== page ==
8th February 2018

Reuse our refuse

posted in environment |

The onset of the Olympics reminds me that the world is a big place. That fourteen-hour offset in coverage times, for example. Meanwhile, my own world has shrunk; I now spend almost all of my days and nights in the front half of a two acre estate.

However, CBC Marketplace just gave me a nudge in the ribs. Even if my personal footprint is small, my environmental one is larger than life. For example, my old clothes. To be fair, I’ve got a wardrobe that serves me well, now that my public persona is on the shelf. A lot of tee-shirts. So, where do the old tees go to “die”?

I’m not sure. If I’m like the majority of my neighbours (on a national basis), the biomass goes to Africa. Some serves as apparel, but the larger part goes to landfill, where the fibres smolder until ashed. The TV footage showed familiar logos, everywhere. Not my stuff (I’m one that dresses blandly) but my neighbours…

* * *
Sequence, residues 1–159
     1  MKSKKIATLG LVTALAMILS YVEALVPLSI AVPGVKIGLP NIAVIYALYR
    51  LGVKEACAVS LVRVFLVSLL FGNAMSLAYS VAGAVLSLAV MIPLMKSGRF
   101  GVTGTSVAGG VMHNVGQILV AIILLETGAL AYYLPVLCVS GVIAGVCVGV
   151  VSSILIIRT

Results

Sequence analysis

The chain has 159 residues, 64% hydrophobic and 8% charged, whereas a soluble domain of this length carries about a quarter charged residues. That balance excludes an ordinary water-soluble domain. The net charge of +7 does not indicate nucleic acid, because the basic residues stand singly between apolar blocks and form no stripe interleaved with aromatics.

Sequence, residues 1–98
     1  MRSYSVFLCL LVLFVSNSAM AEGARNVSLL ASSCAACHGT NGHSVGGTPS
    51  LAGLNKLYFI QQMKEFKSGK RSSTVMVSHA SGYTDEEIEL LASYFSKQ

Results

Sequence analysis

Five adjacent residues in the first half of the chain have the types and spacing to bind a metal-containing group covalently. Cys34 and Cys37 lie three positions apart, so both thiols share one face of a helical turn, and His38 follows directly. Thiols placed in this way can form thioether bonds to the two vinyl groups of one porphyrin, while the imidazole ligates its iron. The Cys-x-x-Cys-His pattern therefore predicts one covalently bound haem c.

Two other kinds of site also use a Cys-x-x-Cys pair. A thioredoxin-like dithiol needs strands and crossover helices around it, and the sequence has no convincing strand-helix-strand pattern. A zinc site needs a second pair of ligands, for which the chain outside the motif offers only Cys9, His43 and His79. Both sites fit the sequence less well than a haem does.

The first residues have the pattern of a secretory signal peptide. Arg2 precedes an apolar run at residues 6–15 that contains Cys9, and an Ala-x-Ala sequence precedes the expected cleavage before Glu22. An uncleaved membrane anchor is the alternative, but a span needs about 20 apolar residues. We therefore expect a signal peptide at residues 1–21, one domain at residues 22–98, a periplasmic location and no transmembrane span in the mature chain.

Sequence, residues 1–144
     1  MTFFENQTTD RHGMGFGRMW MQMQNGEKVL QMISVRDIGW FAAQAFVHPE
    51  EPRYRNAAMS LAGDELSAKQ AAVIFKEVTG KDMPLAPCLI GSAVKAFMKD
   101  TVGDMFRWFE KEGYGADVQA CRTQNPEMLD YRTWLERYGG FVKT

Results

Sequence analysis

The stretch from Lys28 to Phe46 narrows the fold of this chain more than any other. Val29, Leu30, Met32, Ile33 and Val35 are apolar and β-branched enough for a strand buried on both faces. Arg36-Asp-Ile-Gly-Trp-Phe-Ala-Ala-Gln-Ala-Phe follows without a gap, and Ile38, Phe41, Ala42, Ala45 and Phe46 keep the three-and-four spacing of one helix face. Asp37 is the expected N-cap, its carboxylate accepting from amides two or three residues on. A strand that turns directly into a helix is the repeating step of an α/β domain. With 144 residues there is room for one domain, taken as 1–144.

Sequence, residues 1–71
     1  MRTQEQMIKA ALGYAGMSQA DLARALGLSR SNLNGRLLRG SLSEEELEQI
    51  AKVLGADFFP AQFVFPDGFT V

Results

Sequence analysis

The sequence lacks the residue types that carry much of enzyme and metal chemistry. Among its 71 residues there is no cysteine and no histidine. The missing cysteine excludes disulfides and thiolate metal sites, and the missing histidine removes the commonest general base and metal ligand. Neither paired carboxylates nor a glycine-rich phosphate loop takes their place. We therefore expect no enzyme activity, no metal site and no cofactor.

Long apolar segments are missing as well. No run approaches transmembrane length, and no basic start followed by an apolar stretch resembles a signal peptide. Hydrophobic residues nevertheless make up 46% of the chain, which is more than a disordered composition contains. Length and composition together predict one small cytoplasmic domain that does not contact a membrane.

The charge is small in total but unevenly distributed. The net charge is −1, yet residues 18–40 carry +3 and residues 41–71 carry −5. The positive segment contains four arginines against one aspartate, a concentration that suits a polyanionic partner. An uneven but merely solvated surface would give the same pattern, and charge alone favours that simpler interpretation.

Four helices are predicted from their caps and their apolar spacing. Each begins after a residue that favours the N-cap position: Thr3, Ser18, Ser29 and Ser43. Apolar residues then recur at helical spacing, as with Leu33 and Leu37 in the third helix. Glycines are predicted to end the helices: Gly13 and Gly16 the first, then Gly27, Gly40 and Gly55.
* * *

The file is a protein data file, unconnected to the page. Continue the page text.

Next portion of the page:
The documentary pointed out why the world has a problem. Too much, too cheap. Disposable clothing, with no next user policy attached. Even the shops that brag about their “recycling effort” are failing. And, in the same way that the world is tired of our bales of blue-bagged plastics, there’s a growing movement  around the globe to refuse our refuse.

Interim: when my next tee is too holey to wear, I’m to recycle it into household cleaning materials. And when that step is done…  haven’t worked that part through, yet.  Any good ideas?

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